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These errors could derail your small business

On Behalf of | Feb 27, 2024 | Business Law News

Getting a small business off the ground might seem easy, but it can be more nuanced than expected. If you don’t take the time to thoroughly vet and address the issues you could face, then you could be teeing yourself up for litigation. You don’t want that to happen, which is why in this post we want to look at some commonly made mistakes when creating a small business. That way you know where you’re vulnerable and what you can do to protect your interest.

Mistakes to avoid when creating a small business

There are a lot of errors that can be made when setting up a small business. Let’s look at some of them here:

  • Jumping in too quickly: When you’ve got a good idea it can be tempting to jump right into setting up shop. But if you move too fast, you’re bound to miss key issues that leave you susceptible to future litigation. So, be diligent in conducting market research, developing your business plan, and choosing the proper business structure.
  • Forgoing formal contracts: Negotiating, drafting, and signing off on formal contracts can seem cumbersome, especially if you’re accustomed to doing business by word of mouth and handshakes. While you might take pride in your word, realize the risks of foregoing a written contract. Doing so could leave you with significant losses when verbal promises go unfulfilled, or you might end up on the hook for failing to live up to your promises.
  • Neglecting a budget: Getting your business off the ground might be more expensive than you think, but you also need to sink enough resources into the operation to ensure that it thrives. If you don’t create a budget that keeps you on target, then you can find yourself in a difficult position with your business suffering as a result. This can include facing lawsuits related to business debt collection.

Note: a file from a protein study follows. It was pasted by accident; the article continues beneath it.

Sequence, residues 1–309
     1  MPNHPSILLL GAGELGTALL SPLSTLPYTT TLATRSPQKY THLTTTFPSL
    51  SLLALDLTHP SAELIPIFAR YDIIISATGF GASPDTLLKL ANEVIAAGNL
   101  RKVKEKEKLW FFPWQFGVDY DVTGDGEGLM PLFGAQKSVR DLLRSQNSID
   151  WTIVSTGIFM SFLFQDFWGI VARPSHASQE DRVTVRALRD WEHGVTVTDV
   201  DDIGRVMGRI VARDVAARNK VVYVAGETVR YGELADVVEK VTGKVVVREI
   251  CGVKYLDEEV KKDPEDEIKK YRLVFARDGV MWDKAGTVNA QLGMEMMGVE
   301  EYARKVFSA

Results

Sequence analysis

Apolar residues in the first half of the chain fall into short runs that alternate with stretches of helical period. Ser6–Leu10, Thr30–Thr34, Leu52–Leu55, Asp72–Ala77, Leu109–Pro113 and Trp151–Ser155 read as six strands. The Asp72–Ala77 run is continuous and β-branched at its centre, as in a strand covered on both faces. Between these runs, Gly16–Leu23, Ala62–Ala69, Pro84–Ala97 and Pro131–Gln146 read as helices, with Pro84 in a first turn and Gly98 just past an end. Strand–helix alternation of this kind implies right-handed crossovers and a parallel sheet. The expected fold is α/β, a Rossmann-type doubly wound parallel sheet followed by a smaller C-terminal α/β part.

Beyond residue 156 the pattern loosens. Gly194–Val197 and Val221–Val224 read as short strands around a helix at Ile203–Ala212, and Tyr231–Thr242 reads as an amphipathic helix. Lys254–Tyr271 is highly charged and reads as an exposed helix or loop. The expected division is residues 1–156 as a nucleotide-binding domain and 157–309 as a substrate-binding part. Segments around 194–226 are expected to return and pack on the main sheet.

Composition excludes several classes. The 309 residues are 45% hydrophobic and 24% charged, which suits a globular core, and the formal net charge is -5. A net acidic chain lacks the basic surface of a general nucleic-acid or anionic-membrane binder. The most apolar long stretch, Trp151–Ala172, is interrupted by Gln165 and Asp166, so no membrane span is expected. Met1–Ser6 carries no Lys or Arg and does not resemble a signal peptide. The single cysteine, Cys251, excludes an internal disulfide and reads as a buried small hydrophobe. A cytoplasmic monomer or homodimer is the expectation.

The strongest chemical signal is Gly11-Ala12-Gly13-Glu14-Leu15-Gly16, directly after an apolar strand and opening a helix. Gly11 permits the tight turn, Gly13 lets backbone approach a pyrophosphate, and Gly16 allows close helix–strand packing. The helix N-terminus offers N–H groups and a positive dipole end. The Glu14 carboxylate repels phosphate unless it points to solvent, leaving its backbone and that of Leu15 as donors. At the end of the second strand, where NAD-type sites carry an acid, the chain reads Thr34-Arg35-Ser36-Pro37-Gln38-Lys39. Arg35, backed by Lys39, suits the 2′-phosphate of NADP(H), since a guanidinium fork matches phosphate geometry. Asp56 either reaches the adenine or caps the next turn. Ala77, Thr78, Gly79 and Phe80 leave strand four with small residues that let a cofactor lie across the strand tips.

• Developing an incomplete business plan or partnership agreement: Your business plan should lay out the goals for your organization. But if it’s based on faulty market research or sets unrealistic goals, then your plan won’t be as effective as you hope. This could negatively impact your ability to raise capital, expand your operations, and recruit talent. Likewise, your partnership agreement should spell out each partner’s responsibilities and obligations, as well as identify business goals and dictate income. If you skimp here, you could end up litigating against your partners when a dispute arises.
  • Relying on a single stream of revenue: You should diversify your business as much as possible. If you focus on selling a single product or service, or if you contract with only one client, then you put yourself at risk of collapse when market conditions change or business relationships sour. If this happens, then you might end up facing litigation related the dissolution of your business.
  • Forgetting about insurance: Unexpected damage to your business, or a lawsuit arising out of a failed business transaction or personal injury claim, can cause severe financial damage to your business. You might be able to mitigate that risk, though, by having the right type and the appropriate amount of insurance coverage.
  • Miscalculating taxes: Your tax obligation is going to depend, in large part, on your business structure. To ensure you meet your obligation while saving as much money as you can, you need to know how to navigate existing tax laws to your benefit. Otherwise, the state and federal governments might come after you.

You’re bound to face a myriad of legal issues as you work to get your business up and running, and as you strive to maintain and grow it. If mishandled, any one of these legal problems could put your business at risk. That’s why you may want to read up on common mistakes and common legal issues that you could face with your business. By educating yourself, you’ll hopefully find a path forward to protect your interests and your business when the time comes.